Wednesday, 20 October 2010

By Many or by Few

Simon Killwick addresses the Assembly

Great excitement in the Wifred & Hilda bunch (the soft-centre Anglo-Catholics), and Reform (the hardline Evangelicals). Between them these two strange bedfellows can derail the consecration of women bishops; that at least is according to a press release from the Christian News Release Service UK, reported and commented on by Damian Thompson in his Telegraph blog. Here is what is claimed:

"Subject: Women Bishops in the CofE now to be BLOCKED after latest General Synod Election
Following the Election of the new General Synod of the Church of England, Evangelical and Catholic Groups on Synod have now swapped lists of candidates.
The results show that 66 Clergy (32.10%) and 77 laity (35.46%) will vote against the current Women Bishop legislation unless it is amended to give those who for conscious/scriptural reasons, cannot accept WBs.
Only 34% is needed to block this when it returns from the dioceses. For the first time, it can and will be blocked by both fully ELECTED houses. In the clergy only a further 1.81% is needed, and that’s just ONE person. There are 21 new evangelicals on this new synod, and one out of a possible 58 undecided is a given!
The Bishop of Fulham’s departure to Rome, announced on Friday, was therefore a little too early and the Catholic Group on General Synod have distanced themselves from his position and will be staying within the CofE."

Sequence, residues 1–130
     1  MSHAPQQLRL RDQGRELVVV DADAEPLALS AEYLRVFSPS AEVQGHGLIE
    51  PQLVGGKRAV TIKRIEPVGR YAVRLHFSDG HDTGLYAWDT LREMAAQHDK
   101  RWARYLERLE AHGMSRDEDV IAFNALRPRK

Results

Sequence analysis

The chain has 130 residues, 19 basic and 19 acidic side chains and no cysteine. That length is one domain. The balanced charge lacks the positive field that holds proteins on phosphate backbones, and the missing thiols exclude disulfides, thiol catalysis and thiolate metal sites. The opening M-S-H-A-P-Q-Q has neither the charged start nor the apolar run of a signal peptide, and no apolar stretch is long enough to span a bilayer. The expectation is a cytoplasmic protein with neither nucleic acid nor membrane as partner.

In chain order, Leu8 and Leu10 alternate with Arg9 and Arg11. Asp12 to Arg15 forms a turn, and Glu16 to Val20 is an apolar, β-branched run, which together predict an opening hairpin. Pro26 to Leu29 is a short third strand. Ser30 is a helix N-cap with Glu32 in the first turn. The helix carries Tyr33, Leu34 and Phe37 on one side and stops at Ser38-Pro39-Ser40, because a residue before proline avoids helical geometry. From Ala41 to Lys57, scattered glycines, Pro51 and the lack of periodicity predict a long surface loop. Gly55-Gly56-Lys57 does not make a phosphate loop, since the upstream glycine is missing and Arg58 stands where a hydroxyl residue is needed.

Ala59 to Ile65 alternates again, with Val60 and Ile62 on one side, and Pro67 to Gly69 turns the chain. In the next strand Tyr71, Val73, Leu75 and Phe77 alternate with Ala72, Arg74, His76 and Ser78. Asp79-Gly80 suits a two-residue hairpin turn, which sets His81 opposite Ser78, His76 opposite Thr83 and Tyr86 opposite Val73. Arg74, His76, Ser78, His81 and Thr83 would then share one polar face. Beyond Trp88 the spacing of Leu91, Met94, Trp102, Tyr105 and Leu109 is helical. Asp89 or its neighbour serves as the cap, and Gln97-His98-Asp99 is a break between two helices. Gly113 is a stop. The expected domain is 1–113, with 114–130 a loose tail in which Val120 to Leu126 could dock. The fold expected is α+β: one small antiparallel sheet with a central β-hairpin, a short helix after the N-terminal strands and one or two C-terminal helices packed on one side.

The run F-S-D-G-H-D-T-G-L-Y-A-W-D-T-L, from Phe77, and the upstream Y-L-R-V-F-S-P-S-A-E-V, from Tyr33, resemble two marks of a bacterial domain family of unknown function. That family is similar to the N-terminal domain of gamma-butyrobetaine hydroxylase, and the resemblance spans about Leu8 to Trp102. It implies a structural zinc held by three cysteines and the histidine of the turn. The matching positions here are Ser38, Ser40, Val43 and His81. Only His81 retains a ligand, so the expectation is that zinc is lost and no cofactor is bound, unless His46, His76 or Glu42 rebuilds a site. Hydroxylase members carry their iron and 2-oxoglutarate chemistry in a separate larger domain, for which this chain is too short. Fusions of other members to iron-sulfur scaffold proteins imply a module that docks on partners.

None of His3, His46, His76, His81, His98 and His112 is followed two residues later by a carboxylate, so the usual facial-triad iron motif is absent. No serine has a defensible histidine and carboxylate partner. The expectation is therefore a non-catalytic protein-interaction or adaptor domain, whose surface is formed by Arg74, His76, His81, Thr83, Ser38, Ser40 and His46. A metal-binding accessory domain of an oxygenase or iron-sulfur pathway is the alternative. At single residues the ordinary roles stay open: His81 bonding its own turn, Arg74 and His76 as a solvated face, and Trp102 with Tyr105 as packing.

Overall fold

Well, we have been here before, notoriously in the General Synod on 11.xi.92. On that day we were to be saved by our clear 1/3rd in the House of Laity. And if they did not prevent the Ordination of Women as Priests, then the House of Bishops would. In fact, a couple of women (who had been elected because they were opposed to women's ordination) abstained and the Bishops, who thought they would leave it to the laity, caved in; hence women's ordination went ahead. Incidentally, one of those women who changed her mind has since been 'ordained' as a priest - and her priest husband is now a Roman Catholic.

It would only require one or two of the laity or clergy to be indisposed when the vote happens - a funeral, a heavy cold, something compelling of that sort - and all the prognostications could once more prove wrong. But in any case, should the doctrine of the Church be determined in such a way? Far from being 'too early', the Bishop of Fulham's promise could not have come at a better time.

Some of us have spent half our lives seeing the Church of England descend into chaos. The question is not primarily one of women's ordination; it is about Authority. The Church of God is not ours to alter at will, its future depending on whether a third of the elected members of a Synod is ready to stand firm. We already have women as priests, and no doubt we shall have them as bishops before very long. Then, whatever 'safeguards' can be squeezed out of a reluctant Synod, it will not alter the fact that the Church of England can no longer claim continuity with the Church founded by Our Lord.

And what are those safeguards likely to be? Reform and SSWSH have very different requirements. For SSWSH (as the Bishop of Burnley reminded the FiF Assembly last week) "a Code of Practice Will Not Do". For Reform, it is all about Headship; and provided their parishes do not have to accept the ministry of women bishops, it will not matter greatly to them who joined in the laying on of hands when their Vicar was ordained. He is a man, that is enough. For them, a Code of Practice (even without Jurisdiction) probably will do. There may be concessions made next time round - perhaps in a Synod in 2012 - but those concessions cannot satisfy Catholics in the Church of England.